A Symbol of Prestige
As far as telling time goes, your $35 Timex does just as well as a $4,000,000 Patek Phillippe. Like expensive cars, however, expensive watches have long been a symbol of prestige; and those who could afford them, would. The rest of us would just have to settle for "wearing" them through augmented reality.
Girard-Perregaux is letting consumers "try on" its products using augmented reality in its new iPhone app. Eight men’s watches from four of GP’s collections, including their famous Tourbillon with Three Gold Bridges, and one women’s watch are displayed in the app. Users can "try on" each of them, one at a time, by holding their wrist in front of the camera to see the watch superimposed on it. The size and placement of the watch can be adjusted manually for a better idea of how it would actually look on one’s wrist.
Unfortunately, I have no access to an iPhone so I cannot comment on the app’s augmented reality feature. However, I have used the app with an iPad and have enjoyed reading the detailed information on the Girard-Perregaux brand and its history. A silly jackpot game also comes with the app, though I think it serves no purpose other than to cheapen the app and the brand.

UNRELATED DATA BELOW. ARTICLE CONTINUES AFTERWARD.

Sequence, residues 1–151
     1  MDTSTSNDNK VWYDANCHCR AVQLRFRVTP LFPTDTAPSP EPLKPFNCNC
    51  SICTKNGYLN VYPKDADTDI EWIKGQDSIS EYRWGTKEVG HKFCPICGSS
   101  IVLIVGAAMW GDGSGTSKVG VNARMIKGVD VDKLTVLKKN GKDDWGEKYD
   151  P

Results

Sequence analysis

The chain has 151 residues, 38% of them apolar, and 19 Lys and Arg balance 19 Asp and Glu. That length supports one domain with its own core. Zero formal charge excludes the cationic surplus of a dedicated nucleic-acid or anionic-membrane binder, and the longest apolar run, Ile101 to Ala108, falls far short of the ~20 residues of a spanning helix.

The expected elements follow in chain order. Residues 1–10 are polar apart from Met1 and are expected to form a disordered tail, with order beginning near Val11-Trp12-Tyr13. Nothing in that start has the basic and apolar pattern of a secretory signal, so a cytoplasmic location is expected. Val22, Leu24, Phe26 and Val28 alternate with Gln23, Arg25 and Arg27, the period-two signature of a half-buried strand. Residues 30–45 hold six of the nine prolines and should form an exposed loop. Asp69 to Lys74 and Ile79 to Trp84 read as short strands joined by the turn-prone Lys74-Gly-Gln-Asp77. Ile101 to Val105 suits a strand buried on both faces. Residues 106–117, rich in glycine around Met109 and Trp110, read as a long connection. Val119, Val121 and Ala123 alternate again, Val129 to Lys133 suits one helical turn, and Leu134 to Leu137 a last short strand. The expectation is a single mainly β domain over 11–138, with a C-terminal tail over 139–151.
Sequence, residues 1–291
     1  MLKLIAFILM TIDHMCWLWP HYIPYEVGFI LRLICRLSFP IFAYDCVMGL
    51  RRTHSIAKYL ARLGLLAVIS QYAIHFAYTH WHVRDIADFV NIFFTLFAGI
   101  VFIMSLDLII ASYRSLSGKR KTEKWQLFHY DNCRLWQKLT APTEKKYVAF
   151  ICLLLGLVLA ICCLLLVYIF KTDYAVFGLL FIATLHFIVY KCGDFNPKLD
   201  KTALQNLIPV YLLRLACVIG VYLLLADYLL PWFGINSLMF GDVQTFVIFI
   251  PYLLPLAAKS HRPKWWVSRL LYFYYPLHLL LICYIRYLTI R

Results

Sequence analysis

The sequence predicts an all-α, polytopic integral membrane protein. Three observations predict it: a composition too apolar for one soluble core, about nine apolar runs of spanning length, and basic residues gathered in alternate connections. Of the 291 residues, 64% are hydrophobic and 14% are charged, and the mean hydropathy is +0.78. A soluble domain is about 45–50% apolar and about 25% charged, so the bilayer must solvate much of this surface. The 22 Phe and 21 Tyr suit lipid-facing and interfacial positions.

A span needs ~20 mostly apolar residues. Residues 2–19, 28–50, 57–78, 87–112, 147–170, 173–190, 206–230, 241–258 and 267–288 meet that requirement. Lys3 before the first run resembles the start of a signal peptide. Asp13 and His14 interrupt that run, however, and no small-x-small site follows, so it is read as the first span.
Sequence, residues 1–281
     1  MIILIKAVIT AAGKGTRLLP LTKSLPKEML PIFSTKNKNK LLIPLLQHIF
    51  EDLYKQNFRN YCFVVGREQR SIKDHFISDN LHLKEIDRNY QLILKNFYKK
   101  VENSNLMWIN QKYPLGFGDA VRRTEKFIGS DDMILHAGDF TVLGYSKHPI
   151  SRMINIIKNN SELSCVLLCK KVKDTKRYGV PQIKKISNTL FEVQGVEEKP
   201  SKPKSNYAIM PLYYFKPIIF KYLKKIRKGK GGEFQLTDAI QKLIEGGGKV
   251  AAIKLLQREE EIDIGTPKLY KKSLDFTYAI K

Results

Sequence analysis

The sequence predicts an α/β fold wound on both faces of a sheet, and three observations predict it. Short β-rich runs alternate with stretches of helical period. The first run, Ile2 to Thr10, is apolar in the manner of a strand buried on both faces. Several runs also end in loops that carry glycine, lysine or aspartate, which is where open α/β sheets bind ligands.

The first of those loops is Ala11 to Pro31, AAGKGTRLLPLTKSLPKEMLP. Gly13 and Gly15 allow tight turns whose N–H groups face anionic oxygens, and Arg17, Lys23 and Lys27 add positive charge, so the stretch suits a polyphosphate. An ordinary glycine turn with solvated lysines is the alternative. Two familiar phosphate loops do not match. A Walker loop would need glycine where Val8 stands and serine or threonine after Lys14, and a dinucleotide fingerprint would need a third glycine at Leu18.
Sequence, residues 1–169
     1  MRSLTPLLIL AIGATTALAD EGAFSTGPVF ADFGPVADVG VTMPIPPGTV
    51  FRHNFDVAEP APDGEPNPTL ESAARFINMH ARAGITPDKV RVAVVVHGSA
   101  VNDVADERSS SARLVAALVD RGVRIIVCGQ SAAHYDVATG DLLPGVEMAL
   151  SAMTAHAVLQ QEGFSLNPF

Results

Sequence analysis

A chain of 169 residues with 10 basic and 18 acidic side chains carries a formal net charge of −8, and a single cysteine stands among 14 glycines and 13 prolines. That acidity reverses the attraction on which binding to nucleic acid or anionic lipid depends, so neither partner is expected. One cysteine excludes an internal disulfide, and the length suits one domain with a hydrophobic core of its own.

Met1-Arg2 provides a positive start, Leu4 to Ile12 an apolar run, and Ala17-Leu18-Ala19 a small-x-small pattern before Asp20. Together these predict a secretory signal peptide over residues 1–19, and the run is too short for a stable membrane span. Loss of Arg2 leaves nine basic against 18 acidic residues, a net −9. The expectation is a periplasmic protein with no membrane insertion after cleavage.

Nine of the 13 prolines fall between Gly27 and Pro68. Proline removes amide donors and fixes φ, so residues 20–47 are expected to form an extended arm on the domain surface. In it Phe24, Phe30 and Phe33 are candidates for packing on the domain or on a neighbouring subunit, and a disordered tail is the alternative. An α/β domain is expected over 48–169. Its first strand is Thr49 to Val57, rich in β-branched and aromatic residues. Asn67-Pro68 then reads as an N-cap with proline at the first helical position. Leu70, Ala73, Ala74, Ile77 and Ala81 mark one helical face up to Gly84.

Finally, a store locator is available to let users choose retailers either from a list of locations or based on proximity. On the list, retailers are grouped by cities, and it is useless to me. I am writing from the dead center of Pennsylvania, and the only city I recognize on the list is Philadelphia, which is a good three hours away! Thankfully, the app is integrated with Google Maps, and using my GPS location reveals a retailer that is much closer to me. Either way, once I know which retailer I want to visit, the app gives me a set of driving, transit or walking directions.
It seems the marketing team at GP has put some thought into creating a unique and sophisticated experience that connects consumers with the brand. Well, iPhone-toting consumers anyway. Apparently they are not interested in reaching out to all the business people carrying Blackberries as well as the iPhone-agnostic masses.
I wish global brand marketers would see that there is more to the smartphone market than just the iPhone. >.<